The stage has been set for yet another attempt to turn around the fortunes of the financially struggling Telkom Kenya, whose partnership with France Telcom, in a venture known as Orange Telkom, failed.
The company, which had been expected to rival the likes of Safaricom and Airtel, remains a pale shadow of what was once a key parastatal.
Whereas privatisation was expected to inject efficiency and improve profitability, pretty little progress was made.
And it is not surprising that the French eventually threw in the towel and sold their entire stake to private equity firm Helios Investment Partners, which will retain a 70 per cent shareholding in Telkom Kenya, with the National Treasury retaining 30 per cent.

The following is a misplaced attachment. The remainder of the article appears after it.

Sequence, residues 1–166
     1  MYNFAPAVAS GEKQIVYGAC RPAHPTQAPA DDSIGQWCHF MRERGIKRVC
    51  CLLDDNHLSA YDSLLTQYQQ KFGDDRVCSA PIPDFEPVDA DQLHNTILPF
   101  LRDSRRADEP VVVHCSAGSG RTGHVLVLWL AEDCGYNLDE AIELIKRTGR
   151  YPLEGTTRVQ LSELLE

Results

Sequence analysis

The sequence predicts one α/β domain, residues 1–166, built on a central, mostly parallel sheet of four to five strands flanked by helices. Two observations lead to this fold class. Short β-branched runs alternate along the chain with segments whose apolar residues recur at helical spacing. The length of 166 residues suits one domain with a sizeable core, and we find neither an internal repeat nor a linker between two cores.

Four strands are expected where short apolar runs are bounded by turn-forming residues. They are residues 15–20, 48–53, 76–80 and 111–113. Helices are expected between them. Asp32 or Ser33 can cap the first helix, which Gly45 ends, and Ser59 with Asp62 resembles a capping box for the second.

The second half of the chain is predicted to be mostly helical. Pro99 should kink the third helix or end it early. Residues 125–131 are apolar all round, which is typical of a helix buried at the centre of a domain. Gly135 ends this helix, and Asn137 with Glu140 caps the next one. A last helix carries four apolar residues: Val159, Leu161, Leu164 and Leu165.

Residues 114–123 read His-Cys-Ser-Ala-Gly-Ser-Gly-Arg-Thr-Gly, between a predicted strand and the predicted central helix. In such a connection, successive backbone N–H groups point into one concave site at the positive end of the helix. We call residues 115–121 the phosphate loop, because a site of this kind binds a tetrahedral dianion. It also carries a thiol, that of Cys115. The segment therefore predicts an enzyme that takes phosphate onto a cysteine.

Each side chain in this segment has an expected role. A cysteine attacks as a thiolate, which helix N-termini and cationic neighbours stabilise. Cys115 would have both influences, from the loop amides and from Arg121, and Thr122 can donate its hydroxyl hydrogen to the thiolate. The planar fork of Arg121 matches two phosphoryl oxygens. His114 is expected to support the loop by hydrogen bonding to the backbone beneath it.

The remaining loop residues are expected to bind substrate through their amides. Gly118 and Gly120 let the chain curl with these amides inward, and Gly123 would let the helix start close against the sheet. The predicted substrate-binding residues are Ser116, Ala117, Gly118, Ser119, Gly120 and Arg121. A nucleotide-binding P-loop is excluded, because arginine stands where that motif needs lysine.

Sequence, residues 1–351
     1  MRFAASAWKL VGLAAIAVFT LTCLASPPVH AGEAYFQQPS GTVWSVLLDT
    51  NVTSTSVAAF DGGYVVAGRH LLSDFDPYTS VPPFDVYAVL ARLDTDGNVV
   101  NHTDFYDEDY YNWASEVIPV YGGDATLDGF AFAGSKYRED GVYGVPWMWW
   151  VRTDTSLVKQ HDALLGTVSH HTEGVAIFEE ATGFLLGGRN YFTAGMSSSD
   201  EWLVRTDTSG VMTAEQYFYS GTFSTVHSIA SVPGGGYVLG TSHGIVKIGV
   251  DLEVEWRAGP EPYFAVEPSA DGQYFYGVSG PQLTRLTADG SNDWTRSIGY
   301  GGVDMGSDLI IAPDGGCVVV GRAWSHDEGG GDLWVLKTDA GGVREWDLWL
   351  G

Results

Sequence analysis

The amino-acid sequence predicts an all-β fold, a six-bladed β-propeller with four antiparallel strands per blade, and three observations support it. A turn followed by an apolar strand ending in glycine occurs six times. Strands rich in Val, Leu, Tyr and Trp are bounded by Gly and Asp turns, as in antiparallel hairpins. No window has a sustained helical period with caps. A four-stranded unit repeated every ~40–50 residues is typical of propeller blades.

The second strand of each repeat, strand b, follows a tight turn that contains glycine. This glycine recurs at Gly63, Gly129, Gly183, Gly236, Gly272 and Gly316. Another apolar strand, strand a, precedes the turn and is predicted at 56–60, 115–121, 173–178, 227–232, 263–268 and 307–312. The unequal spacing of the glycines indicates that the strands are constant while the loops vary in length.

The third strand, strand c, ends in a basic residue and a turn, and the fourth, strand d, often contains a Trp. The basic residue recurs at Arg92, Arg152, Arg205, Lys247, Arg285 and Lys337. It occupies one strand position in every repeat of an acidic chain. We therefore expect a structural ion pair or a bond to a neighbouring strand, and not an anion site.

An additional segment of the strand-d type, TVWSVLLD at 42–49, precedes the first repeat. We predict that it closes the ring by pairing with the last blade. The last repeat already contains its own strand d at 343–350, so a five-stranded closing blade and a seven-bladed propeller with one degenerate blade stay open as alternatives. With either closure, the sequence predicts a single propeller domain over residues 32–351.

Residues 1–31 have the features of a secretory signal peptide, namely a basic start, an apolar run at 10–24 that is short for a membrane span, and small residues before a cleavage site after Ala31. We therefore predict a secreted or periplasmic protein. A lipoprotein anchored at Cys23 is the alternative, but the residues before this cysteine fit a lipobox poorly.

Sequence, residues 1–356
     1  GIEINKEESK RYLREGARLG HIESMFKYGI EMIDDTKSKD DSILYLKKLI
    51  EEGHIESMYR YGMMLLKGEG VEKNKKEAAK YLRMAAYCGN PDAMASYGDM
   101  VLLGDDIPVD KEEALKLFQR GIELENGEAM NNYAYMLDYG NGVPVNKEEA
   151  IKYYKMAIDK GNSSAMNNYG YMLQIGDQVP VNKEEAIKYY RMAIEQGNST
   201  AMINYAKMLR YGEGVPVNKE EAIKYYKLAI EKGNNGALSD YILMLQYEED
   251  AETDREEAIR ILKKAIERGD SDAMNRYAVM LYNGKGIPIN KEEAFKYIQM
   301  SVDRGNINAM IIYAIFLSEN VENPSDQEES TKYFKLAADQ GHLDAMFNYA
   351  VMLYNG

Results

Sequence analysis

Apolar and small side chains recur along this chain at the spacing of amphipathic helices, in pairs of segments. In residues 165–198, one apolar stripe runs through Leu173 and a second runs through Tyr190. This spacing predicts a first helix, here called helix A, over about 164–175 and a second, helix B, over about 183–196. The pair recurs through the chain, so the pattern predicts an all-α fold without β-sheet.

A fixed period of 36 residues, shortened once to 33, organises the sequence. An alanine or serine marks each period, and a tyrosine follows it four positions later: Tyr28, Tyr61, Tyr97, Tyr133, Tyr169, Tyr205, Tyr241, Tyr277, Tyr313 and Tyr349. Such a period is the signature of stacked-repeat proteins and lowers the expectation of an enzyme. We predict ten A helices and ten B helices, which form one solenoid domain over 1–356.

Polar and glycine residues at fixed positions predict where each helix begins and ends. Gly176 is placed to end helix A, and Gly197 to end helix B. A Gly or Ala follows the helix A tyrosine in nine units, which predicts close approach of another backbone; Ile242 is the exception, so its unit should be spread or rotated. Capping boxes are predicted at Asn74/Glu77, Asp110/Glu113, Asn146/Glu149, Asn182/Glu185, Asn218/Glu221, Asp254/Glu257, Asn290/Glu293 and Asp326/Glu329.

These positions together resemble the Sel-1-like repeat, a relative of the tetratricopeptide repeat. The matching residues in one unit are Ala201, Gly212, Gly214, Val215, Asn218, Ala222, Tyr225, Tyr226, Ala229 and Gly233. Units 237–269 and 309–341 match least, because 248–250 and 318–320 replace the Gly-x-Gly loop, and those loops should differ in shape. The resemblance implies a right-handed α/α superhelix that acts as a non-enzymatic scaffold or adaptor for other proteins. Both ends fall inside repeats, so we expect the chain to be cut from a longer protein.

The new set-up should give Telkom Kenya the financial muscle it needs to make a new break and play a more significant role in an industry that has seen tremendous growth in recent years.
With a vast network inherited from the old parastatal, the firm should not be struggling.
The Communications Authority of Kenya has acknowledged next month's impending takeover of Telkom Kenya by Helios.
If there are still any outstanding hitches, they should be cleared to pave the way for the company's rebirth on a firmer footing to occupy its rightful place in the industry.